The song starts with a “Boots are Made for Walking” kind of groove, ends with a quote from “Summertime Blues”, and has an easy 1960s feel. The lyrics also have a 60s feel – it’s an anti-war protest song teaming with disturbingly graphic descriptions of the aftermath of battle – confrontational action born from confrontational words. It doesn’t preach so much as it illustrates and, hopefully, inspires thought and action.

If only this one would go viral, but at least the PJ Harvey fans will go out of their way to hear it.

“Just to Feel my Love, ” read the text. It wasn’t a personal expression from my baby, but the name of a song (well, almost) that she just heard on the bus. I had no idea what song she was talking about, but I was sitting in front of the Google machine, and a quick trip to we7 later we were listening to Billy Joel singing “Make You Feel My Love”, then Adele’s version.

We could have gone on; apparently dozens of people have recorded this latter-day Bob Dylan track. In Ireland alone there are versions by Mary Black, Luka Bloom, Freddie white, and Ronan Keating. Even actor Jeremy Irons has had a bash. According to Wikipedia, the Jazz pianist Bill Evens has a version of the song, which I find difficult to believe since he died 17 years before Dylan released it, but considering Springsteen just released the studio version of “Because the Night”, I guess I’d better investigate further before dismissing it out of hand.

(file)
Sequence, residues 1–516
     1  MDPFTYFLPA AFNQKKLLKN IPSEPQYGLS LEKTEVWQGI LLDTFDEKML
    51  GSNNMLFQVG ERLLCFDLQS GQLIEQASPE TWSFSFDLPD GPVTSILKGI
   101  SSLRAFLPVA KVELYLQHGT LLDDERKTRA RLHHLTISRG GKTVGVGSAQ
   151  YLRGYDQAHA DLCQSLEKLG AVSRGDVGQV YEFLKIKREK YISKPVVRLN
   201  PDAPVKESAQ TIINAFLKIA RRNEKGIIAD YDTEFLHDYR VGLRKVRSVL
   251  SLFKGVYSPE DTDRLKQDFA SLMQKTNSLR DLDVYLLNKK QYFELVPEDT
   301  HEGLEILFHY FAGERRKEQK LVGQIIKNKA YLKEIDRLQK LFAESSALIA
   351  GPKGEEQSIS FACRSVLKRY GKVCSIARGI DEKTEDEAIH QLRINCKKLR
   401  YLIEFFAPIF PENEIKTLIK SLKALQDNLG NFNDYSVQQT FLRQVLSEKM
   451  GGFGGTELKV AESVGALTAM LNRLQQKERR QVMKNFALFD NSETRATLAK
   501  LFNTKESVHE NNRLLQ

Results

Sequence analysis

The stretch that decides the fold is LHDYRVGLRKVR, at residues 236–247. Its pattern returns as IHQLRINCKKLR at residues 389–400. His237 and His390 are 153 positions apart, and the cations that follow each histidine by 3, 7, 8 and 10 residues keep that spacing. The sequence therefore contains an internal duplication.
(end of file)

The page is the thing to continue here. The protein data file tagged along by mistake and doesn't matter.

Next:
As I listened to the various versions, the following questions came to mind:

  1. There was a Bob Dylan song on the radio I didn’t know about?
  2. Is it me, or does Adele sound a whole lot like Amy Winehouse?
  3. There so much product out there, how would it be possible for any one set of ears to listen to it all?

What is my point? One of the reasons I don’t blog more often is because I convinced myself that blogging leaves me too open to smart arses who will amuse themselves by pointing out my jaw-droppingly ignorant omissions and mistakes. My experience with “Make You Feel My Love” underlined the fact that nobody knows everything. As I’m sure you guessed, the answer to question 3 is that it isn’t possible to listen to everything, not by half. But it is possible to keep exploring and writing about it. If you know of something worth listening to and commenting on, let me know.